Triple K Co-operative

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Triple K Co-operative Incorporated is a Canadian Native-run silk-screen company in Red Lake, Ontario that produced high quality limited editions of several artist within the Woodland School of Art from 1973 till the early 1980s. Now it is an online and bricks-and-mortar gallery in Thunder Bay, Ontario.

Triple K was based upon artistic control, self-representation, and self-determination, representing one another and themselves on their own terms, instead of by non-Aboriginal organizations that might have tried to take advantage. It was related to the ideas of the Professional Native Indian Artists Incorporated, better known as the “Indian Group of Seven” which established around the same time.

The name “Triple K” relates to the last name of the three founders and brothers Joshim Kakegamic, Henry Kakegamic and Goyce Kakegamic. Besides their own art work, they made editions for others artist as well like Barry Peters, Paddy Peters, Saul Williams, and their brother-in-law Norval Morrisseau.

History[edit]

The basis for the founding of Triple K started in the 1962, when Norval Morrisseau hit the Toronto art scene at the Pollock Gallery. He was the first Aboriginal artist to have work shown in a contemporary art gallery, where his bright, stylized Ojibwa spiritual images were very well received and the contemporary Woodlands Style was born.

Norval Morrisseau was married Harriet Kakegamic who had three brothers, Henry, Joshim and Goyce Kakegamic. As artists, Goyce and Joshim were highly influenced by their brother-in-law Norval Morrisseau, and other artists such as Daphne Odjig. They began painting in their teens, and by the early 1970s, when they were in their twenties, became recognized as professional artists in their own right.

At that time, Native artists were almost completely excluded from the mainstream art community seventies, with exception of Norval Morrisseau. The then called “Indian art exhibitions”, took place primarily in museums or anthropology. To change this position, Native artist took control over their own business affairs in the art worlds, in controlling what had become a tawdry, government-run souvenir business in Indian art and craft, and in managing the image of Native people in Canada. Artist Daphne Odjig was a driven force in these activities. She undertook several actions in the beginning of the 1970s including the creation of Indian Prints of Canada Ltd (1970) a Native-controlled print co-operative, the opening of probably the first Aboriginal artist-run ‘Warehouse Gallery’ (1974) and she initiated the Professional Native Indian Artists Incorporated (1973), better known as the Indian Group of Seven. The last were collectively concerned with copyright issues, art markets, and the politics of the art world at that time.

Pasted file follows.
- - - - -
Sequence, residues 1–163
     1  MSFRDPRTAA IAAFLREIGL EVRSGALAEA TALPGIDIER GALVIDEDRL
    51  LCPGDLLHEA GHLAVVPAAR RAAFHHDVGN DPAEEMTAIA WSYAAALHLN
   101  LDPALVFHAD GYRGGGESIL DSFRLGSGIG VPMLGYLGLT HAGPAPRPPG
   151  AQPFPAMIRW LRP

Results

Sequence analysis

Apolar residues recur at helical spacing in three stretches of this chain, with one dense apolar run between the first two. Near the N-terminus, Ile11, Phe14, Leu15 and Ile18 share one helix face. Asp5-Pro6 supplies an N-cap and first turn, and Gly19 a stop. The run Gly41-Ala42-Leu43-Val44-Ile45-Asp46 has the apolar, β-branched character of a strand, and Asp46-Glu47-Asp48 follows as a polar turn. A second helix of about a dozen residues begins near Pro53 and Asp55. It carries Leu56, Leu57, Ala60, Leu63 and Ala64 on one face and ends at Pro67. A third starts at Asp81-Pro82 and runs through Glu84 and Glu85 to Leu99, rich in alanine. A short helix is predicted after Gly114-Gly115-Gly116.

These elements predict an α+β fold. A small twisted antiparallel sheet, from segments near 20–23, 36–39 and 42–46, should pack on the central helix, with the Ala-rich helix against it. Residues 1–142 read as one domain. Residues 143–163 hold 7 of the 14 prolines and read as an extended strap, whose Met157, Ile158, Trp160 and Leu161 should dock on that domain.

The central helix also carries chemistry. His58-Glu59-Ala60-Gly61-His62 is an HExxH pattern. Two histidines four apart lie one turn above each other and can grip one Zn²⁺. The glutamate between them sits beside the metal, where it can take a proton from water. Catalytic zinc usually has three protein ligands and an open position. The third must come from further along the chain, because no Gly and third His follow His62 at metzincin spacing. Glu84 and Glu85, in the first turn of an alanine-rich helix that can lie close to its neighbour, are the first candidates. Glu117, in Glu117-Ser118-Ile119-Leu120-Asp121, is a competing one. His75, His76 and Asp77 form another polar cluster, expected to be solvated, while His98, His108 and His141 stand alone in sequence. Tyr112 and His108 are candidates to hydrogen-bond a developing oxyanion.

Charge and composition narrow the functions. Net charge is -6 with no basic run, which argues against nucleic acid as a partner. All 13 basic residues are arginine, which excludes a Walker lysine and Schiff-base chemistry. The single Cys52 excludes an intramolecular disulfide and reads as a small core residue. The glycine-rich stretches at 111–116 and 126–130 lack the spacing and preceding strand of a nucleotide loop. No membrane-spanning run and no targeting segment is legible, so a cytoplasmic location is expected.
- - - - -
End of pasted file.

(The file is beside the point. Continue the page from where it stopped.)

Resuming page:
In the fall of 1973, within the spirit of the age and after learning printmaking techniques at Open Studio in Toronto, Joshim and Goyce and their brother Henry opened the Triple K Co-operative Incorporated, with government support, in a modest building on Howey Street in Red Lake, Ontario.

In the first year of operation they reproduced a number of unlimited editions on cloth and paper. The artist who contributed most of the work were Joshim and Goyce Kakegamic. With the growing reputations of the artists already involved and with the printing of some works by Norval Morrisseau, it became essential to maintain a certain standard. Therefore Triple K decided only to begin printing original limited editions prints. “Original” in the sense that all prints at Triple K were made from drawings designed specifically for the silk-screen process by the artist. The artist was also involved in every step in the process.

At the start of the co-operative Triple K exhibited their productions wherever possible and by the end of that decade they had sold work to forty leading galleries. From 15 May till 30 June 1977 the Royal Ontario Museum exhibited “Contemporary Native Art of Canada – Silk screens from the Triple K Co-operative, Red Lake, Ontario”.

By its success of producing high quality art prints which were both affordable and available, the art of the artist involved was made available throughout Canada and the international art world. Besides artwork of the Kakegamic brothers, they produced work of other artists as well, like Barry Peters, Paddy Peters, Saul Williams, and Norval Morrisseau.

Triple K paved a path for Native artistic control and disbanded in the early 1980s.

Political and social ideals[edit]

Triple K was based upon artistic control, self-representation, and self-determination – representing one another and themselves on their own terms, instead of by non-Aboriginal organizations that might have tried to take advantage. They were part of a movement that provided opportunities for artists, such as inclusion in galleries, access to fine arts education, and the creation of Aboriginal artist-run organizations. This movement also included the Professional Native Indian Artists Incorporated], which established around the same time.

External links[edit]

  • Seventh Generation Gallery "Native Contemporary Canadian Art Gallery" in the Netherlands, including Triple K silk-screens and artists.

References[edit]